A couple of days later Beaven and I attended his cousin’s funeral. Jimmy was another man whose time had come on schedule. Only a month before we were at Aunt Doris’ funeral when we realized Doris was the last of the aunts and uncles. The next to die would be within our generation. It was starting to hit close to home. And now, somewhat on schedule, the oldest of the cousins had died.
At the end of the service Jimmy’s sister and her family suggested we meet at a Starbucks to extend our time together. We are one of the families who often lament that we only get together for weddings and funerals. That wasn’t always so. The grandparents’ house used to be a required stop for Christmas and Thanksgiving afternoon. And at various times everyone had worked together at the family bakery. Even if you didn’t work there you would stop by for various reasons during the week.
At Starbucks we were able to resume our relaxed conversation. We started with talk of water wells and computer problems. The conversation eventually drifted to memories of the family bakery in Dallas. Els Bakery sold bread to grocery stores for over 60 years and all the cousins had their own memories of what went on inside the bakery. Some remembered eating the parker house rolls right off the conveyor belt or going in on Sunday night to make the yeast for the salt rising bread. Some remembered the frightening wrapping machine that someone always threatened to wrap a grandchild in. Everyone remembered the coke machine that only family was allowed to take the key and open the door to get a coke without paying. We were taking a trip down memory lane and everyone there had some sort of memory to share.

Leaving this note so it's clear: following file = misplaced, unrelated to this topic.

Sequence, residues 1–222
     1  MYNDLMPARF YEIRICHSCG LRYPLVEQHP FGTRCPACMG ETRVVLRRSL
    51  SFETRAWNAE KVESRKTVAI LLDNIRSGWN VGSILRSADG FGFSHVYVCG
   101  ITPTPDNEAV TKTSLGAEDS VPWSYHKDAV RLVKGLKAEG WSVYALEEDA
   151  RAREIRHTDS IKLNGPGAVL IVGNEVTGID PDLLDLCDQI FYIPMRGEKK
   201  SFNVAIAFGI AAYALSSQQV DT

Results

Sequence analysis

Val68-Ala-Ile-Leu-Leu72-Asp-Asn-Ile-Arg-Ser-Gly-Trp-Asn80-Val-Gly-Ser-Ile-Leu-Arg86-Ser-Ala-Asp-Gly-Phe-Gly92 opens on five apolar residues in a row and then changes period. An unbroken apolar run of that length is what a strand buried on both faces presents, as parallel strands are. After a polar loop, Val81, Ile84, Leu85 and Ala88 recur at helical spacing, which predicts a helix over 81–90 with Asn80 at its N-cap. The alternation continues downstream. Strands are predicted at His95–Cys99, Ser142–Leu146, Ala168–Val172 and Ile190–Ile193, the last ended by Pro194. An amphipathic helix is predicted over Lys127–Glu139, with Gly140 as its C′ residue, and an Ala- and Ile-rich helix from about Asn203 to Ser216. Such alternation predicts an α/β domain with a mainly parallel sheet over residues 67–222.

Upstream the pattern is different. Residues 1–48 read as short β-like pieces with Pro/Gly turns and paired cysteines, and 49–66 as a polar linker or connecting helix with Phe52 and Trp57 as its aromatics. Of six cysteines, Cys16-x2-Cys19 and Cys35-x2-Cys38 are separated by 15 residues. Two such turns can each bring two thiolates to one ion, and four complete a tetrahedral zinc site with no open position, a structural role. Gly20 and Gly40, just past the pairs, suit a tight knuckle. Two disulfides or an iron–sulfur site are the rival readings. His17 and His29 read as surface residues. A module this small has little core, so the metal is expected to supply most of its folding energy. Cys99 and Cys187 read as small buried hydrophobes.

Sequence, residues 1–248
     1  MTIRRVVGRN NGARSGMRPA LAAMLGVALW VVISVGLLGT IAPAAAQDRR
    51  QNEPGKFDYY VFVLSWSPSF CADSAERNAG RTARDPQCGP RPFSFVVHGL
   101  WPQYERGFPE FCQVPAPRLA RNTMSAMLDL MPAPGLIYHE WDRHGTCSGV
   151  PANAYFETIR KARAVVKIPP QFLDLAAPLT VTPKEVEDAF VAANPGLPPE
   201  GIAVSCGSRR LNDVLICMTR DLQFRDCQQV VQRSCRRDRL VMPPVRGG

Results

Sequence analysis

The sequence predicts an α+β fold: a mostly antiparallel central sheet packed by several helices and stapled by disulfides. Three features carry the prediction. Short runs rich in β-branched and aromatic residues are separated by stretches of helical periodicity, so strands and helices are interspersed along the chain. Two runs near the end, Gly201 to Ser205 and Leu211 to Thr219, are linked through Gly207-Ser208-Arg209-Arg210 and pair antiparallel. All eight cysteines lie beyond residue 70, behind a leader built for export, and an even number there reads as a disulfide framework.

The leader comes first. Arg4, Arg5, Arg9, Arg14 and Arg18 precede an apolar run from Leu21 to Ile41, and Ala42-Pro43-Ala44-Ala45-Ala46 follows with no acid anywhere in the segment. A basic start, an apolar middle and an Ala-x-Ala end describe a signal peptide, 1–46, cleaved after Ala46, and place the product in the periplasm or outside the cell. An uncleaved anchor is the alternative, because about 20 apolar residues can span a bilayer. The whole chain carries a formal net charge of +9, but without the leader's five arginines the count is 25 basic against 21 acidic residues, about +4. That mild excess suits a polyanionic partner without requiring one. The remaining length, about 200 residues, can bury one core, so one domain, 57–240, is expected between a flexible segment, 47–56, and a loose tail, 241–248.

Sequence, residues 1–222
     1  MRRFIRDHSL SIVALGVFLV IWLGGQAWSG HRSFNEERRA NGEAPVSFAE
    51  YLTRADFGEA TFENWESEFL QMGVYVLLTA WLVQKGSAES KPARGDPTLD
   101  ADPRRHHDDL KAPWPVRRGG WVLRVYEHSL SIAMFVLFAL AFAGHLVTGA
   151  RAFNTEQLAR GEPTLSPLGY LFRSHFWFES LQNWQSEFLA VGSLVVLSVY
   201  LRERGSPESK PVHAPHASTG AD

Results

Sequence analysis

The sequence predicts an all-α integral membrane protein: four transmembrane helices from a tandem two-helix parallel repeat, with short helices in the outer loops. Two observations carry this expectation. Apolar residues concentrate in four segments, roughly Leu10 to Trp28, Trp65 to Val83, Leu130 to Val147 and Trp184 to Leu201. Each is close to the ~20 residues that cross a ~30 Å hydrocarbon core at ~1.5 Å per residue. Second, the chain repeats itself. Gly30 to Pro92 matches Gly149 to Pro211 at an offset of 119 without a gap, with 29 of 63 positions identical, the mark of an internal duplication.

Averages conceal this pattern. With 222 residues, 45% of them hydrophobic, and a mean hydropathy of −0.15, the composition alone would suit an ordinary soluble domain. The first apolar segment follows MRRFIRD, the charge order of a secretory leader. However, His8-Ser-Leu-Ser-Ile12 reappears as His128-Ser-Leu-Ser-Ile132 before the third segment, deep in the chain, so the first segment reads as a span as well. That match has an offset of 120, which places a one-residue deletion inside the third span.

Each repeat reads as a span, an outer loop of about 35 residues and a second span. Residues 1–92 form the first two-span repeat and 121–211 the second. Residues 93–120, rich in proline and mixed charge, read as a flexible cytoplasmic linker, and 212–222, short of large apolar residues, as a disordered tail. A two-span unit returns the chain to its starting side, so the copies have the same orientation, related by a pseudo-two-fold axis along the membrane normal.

Bill Moyers explained what was going on when he was in a similar occasion at a family funeral in Oklahoma thirty years ago: “We were looking …. for landmarks to share again after years of separate journey. And in ordinary places while there was still time we found them.”
My last family event was a reunion of sorts for the Mehaffie family on Fathers Day weekend. For the first time Terry had his brother, his 3 sons and everybody’s kids. Only one niece and one son was missing among over thirty people. It’s a special treat to count myself among them because I’m not actually related to any of them. Terry is my father’s second wife’s third husband. Don’t wear yourself out trying to figure that one out, just accept it. It will make it easier to understand how I ended up with two brothers with the same name. (“This is my brother Don and this is my other brother, Don.”) And if it took a little effort to become part of the Mehaffie family I can say it was worth it. I like these people. I genuinely like them. I would pick them for friends.
We spent time catching up with the Louisiana bunch who landed on their feet after Hurricane Katrina displaced them for a couple of weeks or so. Terry, Jr., the car salesman, found business booming as soon as they went back. And now the second phase is just around the corner. The “second phase” is folks who need a more dependable car in case they have to evacuate. Then I got to meet Terry’s nieces, one of whom lives and works in New York City in the neighborhood of ground zero.
In all of our conversations I reveled in not only the stories that make them interesting but in how normal they are. I won’t bore you with the details here but the family I grew up in before my mother died was anything but normal. That’s why I’ve developed the ability to make family where I find it. But it was a nice change to take family this week and discover what good friends they can become.
For friends who attend worship together on a weekly basis and do the dishes together after a church supper, it can be easy to maintain the ties that bind us into a family. For blood or legal relatives who live distances apart, it takes a little work.
It’s worth it.